As I told Dr. Colleague, to be frank, this is not Survivor. The department does not vote members on or off the island. My boss is the principal and he has extended the invitation (along with assistant admin, math department chairs, athletic director and several others) to stay. Not as Dr. Colleague expressed because they are afraid of a law suit (I am a ‘P2’ and can be asked not back without cause) but maybe because they see some value in me. I seriously wonder why the department thinks that I have to “behave” in a certain manner and if not, then I can leave. I guess that is the root of my biggest concern. If some people in one department cannot work with me, then who is at fault? I am trying to bridge a gap. I will not be “run out” of a school because certain people who are employed right now and might not be here in the future cannot get over my supposed “attitude.”

I am not angry, just perplexed that there seems to be a strong “clique” mentality in Science and a propensity to force everyone to conform to one modality of doing business. I look at the interactions of other departments and staff and myself with other staff and the only “bad experience” keeps going back to one department and a couple of people (in my mind). So again, if “they” cannot get over whatever is bothering them, I am willing to do my part, but it is a two way street. Extremely derogatory remarks have been made about me and others without any punitive measure, but I am not ”allowed” to even be passionate or negative without offending someone. To me this is a serious double standard. Some of the remarks about me and other members of the department, made by Dr. Colleague specifically, I would not even come close to saying. I feel there is a lot said behind doors, I am least open and keep it about education.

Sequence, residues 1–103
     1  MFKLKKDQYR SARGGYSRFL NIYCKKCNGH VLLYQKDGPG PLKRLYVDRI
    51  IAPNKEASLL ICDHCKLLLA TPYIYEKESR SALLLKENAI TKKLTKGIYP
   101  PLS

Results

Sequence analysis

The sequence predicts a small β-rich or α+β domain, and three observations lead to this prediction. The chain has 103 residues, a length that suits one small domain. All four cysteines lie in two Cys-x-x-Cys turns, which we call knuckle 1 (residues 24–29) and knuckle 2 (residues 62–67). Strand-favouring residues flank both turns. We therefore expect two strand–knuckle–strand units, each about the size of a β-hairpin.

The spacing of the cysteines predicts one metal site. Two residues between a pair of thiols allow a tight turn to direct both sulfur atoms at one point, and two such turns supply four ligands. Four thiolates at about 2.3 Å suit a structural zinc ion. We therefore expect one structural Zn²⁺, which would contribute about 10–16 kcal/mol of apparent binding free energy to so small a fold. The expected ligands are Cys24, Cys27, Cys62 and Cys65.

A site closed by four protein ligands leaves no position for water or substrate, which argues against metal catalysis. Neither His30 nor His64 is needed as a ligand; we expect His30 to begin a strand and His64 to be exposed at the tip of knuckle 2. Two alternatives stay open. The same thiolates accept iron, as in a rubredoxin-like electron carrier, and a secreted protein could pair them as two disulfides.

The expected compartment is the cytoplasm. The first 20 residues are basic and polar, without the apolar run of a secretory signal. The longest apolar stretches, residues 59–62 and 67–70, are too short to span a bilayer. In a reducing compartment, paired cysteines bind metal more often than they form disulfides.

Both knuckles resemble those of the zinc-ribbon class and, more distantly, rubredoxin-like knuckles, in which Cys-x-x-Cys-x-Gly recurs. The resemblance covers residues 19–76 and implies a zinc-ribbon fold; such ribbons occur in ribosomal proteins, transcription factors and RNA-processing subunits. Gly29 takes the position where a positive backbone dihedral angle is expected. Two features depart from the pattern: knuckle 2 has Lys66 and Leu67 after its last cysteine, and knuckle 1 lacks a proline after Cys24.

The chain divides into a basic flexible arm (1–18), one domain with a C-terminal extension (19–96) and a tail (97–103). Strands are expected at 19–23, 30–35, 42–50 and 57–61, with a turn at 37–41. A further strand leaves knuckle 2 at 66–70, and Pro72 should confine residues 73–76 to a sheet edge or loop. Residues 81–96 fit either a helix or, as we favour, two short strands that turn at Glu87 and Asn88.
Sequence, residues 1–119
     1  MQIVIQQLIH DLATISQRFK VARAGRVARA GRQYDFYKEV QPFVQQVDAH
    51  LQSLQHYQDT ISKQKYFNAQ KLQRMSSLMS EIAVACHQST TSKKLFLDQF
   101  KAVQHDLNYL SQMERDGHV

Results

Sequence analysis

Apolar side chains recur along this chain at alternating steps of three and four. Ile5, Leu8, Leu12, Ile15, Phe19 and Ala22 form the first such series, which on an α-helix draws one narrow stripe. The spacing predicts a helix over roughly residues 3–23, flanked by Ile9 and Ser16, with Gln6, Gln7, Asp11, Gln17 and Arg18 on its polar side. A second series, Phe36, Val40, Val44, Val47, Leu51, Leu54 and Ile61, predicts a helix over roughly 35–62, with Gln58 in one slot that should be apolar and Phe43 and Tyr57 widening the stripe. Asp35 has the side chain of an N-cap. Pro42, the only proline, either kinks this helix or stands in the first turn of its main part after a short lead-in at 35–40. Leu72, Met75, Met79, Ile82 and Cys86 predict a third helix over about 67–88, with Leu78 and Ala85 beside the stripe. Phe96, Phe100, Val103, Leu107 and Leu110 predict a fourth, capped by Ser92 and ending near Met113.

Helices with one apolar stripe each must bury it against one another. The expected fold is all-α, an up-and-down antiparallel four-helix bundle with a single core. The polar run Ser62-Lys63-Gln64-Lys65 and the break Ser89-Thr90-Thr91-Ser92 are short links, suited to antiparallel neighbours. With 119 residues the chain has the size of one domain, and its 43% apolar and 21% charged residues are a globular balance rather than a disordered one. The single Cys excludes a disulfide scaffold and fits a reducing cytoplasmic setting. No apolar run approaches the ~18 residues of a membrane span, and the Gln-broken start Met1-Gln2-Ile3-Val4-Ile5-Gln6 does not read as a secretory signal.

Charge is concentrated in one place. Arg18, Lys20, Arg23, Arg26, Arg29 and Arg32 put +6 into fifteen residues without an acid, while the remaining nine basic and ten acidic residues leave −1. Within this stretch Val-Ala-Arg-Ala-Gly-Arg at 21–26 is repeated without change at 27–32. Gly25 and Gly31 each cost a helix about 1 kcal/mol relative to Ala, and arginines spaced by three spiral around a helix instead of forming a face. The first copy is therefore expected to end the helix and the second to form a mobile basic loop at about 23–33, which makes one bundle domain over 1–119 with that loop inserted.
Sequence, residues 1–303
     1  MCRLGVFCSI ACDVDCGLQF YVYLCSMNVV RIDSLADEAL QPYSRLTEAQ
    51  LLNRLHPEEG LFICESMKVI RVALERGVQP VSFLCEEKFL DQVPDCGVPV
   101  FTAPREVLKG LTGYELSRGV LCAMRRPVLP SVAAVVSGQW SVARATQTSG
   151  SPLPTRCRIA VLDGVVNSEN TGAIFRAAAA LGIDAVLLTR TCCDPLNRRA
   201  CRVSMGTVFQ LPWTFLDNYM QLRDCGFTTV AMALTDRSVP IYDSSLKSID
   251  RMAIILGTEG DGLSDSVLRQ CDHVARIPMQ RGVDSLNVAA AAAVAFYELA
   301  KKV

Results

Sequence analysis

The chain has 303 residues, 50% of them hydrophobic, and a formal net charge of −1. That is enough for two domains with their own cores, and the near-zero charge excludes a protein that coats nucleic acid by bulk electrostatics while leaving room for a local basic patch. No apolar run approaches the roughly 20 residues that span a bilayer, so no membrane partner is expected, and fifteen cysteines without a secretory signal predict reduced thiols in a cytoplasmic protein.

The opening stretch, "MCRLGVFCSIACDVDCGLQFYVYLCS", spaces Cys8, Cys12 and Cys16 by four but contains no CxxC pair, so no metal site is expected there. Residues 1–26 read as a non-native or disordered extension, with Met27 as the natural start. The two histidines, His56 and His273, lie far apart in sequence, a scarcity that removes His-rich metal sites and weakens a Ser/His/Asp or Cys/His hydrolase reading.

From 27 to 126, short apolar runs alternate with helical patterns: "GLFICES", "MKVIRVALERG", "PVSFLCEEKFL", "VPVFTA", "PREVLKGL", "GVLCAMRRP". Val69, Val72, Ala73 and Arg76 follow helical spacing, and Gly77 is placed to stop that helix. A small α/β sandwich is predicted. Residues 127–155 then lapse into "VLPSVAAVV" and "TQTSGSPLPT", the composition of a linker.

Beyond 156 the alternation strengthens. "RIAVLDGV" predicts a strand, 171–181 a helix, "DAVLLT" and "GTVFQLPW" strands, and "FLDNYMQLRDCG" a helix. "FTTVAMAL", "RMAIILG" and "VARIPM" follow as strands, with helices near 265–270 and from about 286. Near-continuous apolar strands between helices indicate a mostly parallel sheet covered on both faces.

I am sorry to be so long winded and take up your valuable time. This decision to stay or go is extremely difficult and needs to be carefully thought out. I am worried that a few or less people are trying to manipulate things (Which is why I am concerned about a conflict of interest with my wife applying so I will have to address that I guess since you bring it up.). I have always said this school is THE school on the Peninsula with the greatest potential, but I also believe (as does others) that we are not living up to that potential. We cannot effect change without the hard conversations and staff being willing to hear the good and the bad. I see change happening and am still willing to help in my way to bring about that change, however, I am not a “yes” man or “go with the flow” man either. As Albert Einstein said “Great spirits often meet violent opposition from mediocre minds.” (That is NOT implying that anyone has a ‘mediocre’ mind, just that controversy is inevitable when trying to accomplish enormous tasks.) Thank you for all your support.